Thanks for reading, guys!
You can watch the animated playback of this painting from the oekaki board: [link]
And, I just wanted to leave a note on the tool I used, pencil tool: It's an incredibly simple tool, it does no blending on its own and that's actually why I like it. The pencil tool has a hard/pixelated edge, but it's a very... transparent tool? and I find I enjoy having the control I do over its opacity, it makes layering on the colors and blending them very intuitive for me. Your tool preference will vary, but good luck with whatever you use! I've sadly never found an equivalent to this tool in PaintTool SAI, but the Pencil tool in Photoshop is practically the same, just with slight opacity differences.
Final notes: I guess if there's anything to take away from this tutorial, it's:
1) Keep your sketches loose.
A lot of artists struggle when they start to paint because they keep trying to get it to match their clean, polished lines, when really, painting is really more about "carving" form out of colors and rough sketches. When coloring lineart too often we let the lines define the form, and then we don't know what to do with the color! In painting, let the colors define the form!
2) Explore the color box, and experiment.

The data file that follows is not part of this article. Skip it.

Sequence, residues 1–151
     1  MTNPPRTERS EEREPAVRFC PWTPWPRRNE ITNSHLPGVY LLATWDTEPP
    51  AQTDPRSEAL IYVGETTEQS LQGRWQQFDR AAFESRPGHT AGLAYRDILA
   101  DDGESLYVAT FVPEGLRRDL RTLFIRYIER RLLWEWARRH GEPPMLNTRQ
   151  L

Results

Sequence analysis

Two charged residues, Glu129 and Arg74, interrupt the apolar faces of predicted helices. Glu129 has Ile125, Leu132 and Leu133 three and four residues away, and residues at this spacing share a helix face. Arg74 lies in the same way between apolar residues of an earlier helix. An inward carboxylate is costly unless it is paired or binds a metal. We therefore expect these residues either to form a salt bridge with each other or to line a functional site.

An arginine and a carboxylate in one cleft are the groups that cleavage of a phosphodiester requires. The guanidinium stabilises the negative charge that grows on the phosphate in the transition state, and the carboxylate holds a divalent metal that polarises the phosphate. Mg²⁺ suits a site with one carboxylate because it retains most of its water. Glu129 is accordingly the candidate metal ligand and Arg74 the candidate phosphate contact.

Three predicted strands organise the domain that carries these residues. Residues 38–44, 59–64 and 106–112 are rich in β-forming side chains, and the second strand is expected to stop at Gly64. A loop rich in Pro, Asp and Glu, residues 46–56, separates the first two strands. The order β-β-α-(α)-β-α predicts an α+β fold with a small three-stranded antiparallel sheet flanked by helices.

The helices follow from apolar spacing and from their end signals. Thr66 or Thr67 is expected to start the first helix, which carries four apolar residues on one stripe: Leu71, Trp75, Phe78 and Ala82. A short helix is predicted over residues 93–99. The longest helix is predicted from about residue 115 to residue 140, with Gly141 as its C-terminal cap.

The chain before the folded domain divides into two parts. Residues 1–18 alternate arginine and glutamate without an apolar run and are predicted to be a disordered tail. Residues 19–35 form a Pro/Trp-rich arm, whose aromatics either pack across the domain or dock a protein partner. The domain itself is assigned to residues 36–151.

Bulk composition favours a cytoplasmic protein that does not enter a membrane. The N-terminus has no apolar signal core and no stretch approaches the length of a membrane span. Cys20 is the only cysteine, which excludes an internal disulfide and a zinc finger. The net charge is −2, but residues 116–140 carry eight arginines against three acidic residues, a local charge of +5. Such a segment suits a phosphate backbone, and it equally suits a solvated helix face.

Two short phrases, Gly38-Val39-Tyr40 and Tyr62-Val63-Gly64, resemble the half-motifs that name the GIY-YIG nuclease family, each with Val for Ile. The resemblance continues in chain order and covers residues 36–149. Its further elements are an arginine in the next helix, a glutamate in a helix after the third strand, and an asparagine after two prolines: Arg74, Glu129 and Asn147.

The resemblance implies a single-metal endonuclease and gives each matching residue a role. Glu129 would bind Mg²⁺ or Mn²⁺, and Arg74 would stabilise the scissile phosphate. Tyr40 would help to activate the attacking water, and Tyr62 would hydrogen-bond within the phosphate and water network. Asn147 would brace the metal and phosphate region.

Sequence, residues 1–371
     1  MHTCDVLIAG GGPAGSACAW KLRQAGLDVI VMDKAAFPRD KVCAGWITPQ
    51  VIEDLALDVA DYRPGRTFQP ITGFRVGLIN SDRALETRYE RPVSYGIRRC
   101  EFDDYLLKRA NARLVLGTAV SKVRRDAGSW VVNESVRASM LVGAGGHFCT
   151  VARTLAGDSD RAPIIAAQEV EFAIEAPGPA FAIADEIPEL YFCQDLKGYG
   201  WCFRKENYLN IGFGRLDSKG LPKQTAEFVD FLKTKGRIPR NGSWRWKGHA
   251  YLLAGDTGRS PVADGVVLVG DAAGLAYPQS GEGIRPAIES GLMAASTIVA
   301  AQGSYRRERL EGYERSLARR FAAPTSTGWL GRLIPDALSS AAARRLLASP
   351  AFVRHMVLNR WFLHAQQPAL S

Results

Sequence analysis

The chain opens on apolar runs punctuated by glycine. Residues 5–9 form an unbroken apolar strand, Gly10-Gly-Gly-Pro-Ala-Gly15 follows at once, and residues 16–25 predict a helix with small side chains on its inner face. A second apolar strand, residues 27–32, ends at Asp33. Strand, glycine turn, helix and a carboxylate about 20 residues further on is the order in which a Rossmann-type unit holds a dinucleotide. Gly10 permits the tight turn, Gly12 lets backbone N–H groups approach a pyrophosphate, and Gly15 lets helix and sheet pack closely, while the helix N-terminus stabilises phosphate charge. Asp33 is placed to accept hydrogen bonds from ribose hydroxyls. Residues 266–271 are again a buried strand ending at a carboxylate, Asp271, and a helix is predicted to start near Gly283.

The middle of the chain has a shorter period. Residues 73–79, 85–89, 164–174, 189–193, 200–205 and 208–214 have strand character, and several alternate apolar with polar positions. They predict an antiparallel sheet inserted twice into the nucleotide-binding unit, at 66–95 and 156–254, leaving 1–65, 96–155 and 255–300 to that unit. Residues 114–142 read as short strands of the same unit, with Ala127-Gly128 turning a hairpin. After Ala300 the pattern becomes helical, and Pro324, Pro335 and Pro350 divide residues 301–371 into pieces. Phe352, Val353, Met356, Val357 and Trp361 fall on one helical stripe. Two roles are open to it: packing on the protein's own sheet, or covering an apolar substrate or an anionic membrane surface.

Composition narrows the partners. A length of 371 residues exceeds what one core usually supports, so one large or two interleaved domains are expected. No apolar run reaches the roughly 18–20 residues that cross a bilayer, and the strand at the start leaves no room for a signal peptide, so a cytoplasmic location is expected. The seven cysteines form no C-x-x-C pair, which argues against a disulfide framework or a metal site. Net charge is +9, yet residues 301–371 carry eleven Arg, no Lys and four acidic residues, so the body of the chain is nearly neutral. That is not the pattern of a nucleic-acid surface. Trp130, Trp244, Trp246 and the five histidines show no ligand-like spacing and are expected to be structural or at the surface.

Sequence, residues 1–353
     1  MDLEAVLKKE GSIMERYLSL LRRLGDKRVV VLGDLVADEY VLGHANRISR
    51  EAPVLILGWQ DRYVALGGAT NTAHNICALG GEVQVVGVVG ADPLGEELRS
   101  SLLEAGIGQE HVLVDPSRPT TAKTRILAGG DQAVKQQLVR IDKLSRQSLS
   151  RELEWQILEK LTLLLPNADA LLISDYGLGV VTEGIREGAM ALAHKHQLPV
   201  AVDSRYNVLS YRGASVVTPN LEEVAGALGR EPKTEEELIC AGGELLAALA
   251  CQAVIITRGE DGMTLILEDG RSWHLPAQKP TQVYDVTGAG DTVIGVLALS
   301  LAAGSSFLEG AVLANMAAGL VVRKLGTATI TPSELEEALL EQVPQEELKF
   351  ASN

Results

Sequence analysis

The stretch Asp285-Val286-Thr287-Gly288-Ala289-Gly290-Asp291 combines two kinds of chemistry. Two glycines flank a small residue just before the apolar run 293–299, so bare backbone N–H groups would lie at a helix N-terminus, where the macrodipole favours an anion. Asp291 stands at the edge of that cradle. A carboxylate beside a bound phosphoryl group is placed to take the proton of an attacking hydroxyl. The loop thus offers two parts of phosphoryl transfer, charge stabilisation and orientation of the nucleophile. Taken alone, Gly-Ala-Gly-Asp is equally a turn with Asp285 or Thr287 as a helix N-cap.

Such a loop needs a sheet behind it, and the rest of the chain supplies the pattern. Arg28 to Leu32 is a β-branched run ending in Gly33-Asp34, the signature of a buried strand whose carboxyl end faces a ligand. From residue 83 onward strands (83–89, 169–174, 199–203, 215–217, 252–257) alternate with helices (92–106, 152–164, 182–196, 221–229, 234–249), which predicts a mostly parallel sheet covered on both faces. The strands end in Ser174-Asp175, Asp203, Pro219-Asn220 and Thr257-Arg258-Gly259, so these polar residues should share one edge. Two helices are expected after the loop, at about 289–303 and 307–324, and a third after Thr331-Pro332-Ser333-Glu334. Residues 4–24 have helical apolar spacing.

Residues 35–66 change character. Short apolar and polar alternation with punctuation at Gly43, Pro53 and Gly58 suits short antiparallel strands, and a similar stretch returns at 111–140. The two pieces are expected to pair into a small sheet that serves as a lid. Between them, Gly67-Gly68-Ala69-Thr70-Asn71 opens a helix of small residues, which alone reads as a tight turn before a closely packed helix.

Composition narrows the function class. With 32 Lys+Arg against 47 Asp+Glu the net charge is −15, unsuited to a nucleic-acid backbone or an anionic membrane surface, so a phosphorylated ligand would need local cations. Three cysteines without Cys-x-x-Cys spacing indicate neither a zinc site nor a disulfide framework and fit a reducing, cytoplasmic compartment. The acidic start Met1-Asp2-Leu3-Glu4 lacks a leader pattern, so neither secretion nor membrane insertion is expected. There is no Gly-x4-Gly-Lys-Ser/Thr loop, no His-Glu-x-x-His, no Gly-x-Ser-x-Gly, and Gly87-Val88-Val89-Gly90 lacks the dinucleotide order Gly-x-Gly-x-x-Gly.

Don't move linearly--explore what combinations of saturation and desaturation give you! Color-pick across pieces you like, see how they worked with their colors. Don't be afraid of dancing around colors (though it's usually easier to do with desaturated tones)!
3) Don't overwork it!
Overworking something--such as the too-refined sketch, and the too-much-shading on the ear, are really easy to spot though we often don't realize what we're looking at at first--we just know that it feels off, that it feels like the artist struggled in that area. The simpler you can keep something, the better and more natural it will look, usually. If you're fighting something, stop, step back, and try to figure out why. Try to do the minimum work necessary for something to feel "right", and then leave it alone! That's a skill to develop, learning to ease back! (As someone who's OCD about details, I can testify.)
4) NEVER GIVE UP.
I included lots of embarrassingly old oekakis I did to show you guys, it takes more than one try to pick this stuff up, so don't get discouraged! Keep trying, and keep experimenting as you go! Even now, every time I try to do something a little different in how I pick my skin tones, and it's helped me a lot in getting to where I am today.
Good luck, and please let me know if there's anything I can do to help, or any tips/crits you'd like to offer.
Keep painting![PART ONE: THE BASICS]